As with most games like this the dialog was extremely well put together, and you hardly came across a time when you would hear repeating sentences from the characters. The NPCs didn’t normally move from the spot they were in, but it almost made things easy so you didn’t have to hunt someone down to finish a mission. This game isn’t exactly up there with the greats, that being said, it’s almost part of its own genre. Not exactly Adventure, but not exactly Point-and-Click. It’s just a charming, short series that you can play in your spare time, or even binge-play just to get through everything as fast as you can! (Each part is about 4 hours long; you could do it in a day)

“A lot of the thoughts and opinions in SLOP are horribly non-PC. If you’ve got a sense of humour of course this is all easily appreciated.”


I mentioned missions a few times which revolve around fighting crime and scraping the villain scum off the streets of NY by doing what is right for your city! Or at least what the Purple Patriot thinks is right, and he thinks women are inferior to men, so I definitely (/sarcasm) support whatever he’s got to say. And while I mention that, I really try to emphasize that a lot of the thoughts and opinions in SLOP are horribly non-PC. If you’ve got a sense of humour of course this is all easily appreciated.

Graphics wise the game is really quite stunning despite the awkward character animations. They’re colourful, almost like the characters are all covered with an array of bright paints, creating a cartoony, but also very beautiful and detailed look. While the backgrounds aren’t in 3D like the characters, you can spend a lot of time looking around them at certain spots and you’ll get a nice look at some extra details. It’s easy to enjoy the nice visuals in this game. From time to time, you’ll see a comic book style effect, which says KAPOW or something, which really makes for a comic book feeling.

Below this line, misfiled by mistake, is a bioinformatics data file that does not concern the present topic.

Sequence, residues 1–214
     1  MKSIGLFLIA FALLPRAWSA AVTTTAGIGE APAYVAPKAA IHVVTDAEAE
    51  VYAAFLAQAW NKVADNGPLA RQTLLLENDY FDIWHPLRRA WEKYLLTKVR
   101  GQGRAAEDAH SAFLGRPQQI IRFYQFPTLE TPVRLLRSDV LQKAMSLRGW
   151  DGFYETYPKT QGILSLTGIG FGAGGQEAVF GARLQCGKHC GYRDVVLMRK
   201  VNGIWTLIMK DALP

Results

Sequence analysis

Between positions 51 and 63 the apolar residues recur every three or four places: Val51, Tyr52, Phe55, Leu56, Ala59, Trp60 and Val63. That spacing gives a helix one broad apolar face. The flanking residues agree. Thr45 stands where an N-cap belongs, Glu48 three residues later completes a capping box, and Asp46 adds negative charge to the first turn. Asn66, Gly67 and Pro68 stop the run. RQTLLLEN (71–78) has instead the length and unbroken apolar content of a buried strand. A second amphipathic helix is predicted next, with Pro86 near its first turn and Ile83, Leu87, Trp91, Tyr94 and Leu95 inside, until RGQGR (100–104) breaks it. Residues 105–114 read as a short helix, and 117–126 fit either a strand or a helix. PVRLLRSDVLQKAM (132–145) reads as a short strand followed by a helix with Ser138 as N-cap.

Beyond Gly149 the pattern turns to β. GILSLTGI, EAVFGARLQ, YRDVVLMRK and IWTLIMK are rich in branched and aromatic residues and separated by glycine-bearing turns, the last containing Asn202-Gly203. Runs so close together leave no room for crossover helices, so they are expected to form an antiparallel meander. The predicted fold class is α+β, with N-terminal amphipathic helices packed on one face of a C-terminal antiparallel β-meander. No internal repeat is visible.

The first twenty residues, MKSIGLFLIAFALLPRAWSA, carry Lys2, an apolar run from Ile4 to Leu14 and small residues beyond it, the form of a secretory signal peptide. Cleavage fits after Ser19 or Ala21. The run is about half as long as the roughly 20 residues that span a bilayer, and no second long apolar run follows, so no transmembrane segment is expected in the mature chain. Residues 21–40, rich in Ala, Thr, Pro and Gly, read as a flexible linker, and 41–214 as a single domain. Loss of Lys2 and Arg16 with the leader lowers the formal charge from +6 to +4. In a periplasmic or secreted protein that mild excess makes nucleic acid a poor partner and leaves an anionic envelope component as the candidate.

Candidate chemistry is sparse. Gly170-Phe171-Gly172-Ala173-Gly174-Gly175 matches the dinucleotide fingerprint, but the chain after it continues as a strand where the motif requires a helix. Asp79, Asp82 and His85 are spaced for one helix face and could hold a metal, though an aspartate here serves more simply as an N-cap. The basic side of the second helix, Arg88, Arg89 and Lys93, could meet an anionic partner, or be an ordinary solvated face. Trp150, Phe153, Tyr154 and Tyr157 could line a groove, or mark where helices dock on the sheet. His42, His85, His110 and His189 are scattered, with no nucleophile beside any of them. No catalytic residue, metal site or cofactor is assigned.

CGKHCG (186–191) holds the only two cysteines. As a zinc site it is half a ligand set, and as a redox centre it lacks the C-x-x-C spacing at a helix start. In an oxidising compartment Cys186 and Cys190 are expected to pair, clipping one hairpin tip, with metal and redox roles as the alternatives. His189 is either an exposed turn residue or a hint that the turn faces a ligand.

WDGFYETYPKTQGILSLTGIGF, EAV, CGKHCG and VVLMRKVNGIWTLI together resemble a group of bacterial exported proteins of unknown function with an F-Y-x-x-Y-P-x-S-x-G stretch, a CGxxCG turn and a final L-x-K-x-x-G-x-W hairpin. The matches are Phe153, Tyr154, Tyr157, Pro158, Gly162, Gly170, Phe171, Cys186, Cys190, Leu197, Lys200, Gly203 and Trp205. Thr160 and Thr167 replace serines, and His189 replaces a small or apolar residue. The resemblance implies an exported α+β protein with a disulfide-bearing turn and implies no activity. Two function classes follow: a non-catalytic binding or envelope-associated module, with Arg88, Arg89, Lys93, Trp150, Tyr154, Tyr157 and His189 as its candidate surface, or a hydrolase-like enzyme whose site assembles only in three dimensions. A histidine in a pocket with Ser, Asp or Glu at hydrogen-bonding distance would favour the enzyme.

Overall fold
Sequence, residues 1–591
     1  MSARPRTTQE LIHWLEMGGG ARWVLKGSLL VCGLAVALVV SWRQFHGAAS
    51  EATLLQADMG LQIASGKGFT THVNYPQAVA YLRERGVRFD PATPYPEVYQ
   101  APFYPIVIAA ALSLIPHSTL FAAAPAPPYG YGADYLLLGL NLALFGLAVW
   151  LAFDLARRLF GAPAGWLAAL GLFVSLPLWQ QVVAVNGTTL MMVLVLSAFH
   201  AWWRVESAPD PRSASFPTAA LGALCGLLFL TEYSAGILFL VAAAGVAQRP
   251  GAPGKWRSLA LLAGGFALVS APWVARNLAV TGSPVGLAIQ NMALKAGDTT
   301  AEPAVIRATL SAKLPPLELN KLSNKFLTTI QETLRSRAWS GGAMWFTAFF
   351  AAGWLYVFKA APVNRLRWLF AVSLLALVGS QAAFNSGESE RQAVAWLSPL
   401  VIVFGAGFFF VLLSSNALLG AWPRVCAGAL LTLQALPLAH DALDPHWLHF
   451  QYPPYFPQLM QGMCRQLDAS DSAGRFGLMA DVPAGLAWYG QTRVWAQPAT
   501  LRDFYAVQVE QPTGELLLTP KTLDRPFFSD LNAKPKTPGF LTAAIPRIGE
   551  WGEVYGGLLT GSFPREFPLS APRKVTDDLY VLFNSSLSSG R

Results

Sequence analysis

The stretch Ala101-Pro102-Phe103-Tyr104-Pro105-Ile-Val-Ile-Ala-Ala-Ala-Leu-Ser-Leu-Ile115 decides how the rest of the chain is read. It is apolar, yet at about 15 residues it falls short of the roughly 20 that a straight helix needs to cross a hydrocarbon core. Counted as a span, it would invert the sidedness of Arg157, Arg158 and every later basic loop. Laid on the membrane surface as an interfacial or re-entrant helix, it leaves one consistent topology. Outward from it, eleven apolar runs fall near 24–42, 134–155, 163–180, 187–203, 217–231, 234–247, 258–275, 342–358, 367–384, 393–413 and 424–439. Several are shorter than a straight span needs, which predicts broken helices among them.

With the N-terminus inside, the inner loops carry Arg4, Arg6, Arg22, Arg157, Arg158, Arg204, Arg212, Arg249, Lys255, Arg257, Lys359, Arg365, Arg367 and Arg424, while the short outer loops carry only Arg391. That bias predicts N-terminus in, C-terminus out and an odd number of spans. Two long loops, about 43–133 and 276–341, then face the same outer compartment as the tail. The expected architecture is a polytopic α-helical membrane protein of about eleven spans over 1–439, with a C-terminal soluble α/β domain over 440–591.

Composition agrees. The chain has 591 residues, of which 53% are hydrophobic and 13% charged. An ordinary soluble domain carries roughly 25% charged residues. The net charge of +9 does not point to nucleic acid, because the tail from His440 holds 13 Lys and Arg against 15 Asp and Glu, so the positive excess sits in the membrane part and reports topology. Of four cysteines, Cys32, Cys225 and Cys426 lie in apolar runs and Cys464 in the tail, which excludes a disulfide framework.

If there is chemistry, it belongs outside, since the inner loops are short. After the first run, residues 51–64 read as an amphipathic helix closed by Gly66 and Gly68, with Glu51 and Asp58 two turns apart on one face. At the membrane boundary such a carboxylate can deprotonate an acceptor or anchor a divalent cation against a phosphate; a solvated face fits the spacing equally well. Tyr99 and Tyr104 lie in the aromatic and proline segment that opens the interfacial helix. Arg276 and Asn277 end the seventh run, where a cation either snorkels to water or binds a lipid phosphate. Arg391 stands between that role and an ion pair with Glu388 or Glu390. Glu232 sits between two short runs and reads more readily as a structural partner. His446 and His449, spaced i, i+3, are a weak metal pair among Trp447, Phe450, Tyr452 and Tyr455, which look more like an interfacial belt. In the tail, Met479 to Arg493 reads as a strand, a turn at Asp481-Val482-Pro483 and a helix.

You can tell a lot of work went into the music of this game. Right from the beginning, you get to hear the Bow-Chicka-Wow-Wow style music. If it weren’t for the Obama jokes, you’d believe this game was from the 80’s. The voice acting is impressive and while often voice actors in video games sound like they have no idea who they’re playing, these ones really hit home with their characters and the situations they’re in. They get excited and depressed in all the right places, and their tones almost make the game more immersive, in a way. The sound effects weren’t very realistic, however. It’s almost like they were from one of those free sound effects websites. But if I’m going to comment on sound effects I’d have to mention that throughout the entire second episode of SLOP, the Purple Patriot wore shoes with little bells on them, so when he stepped, he made a tinkling noise. Tee Hee.

I loved playing through all three episodes of SLOP and the way I see it a game shouldn’t be any less fun if the graphics or animations aren’t exactly on point. If you’re looking for a side game, or a couple cheap laughs at the expense of Melvin’s remarks, I recommend this game. It’s charming and it’s got a lot of great things going for it.

*** Reviewed on PC, code provided by the publisher ***

The Good


The Bad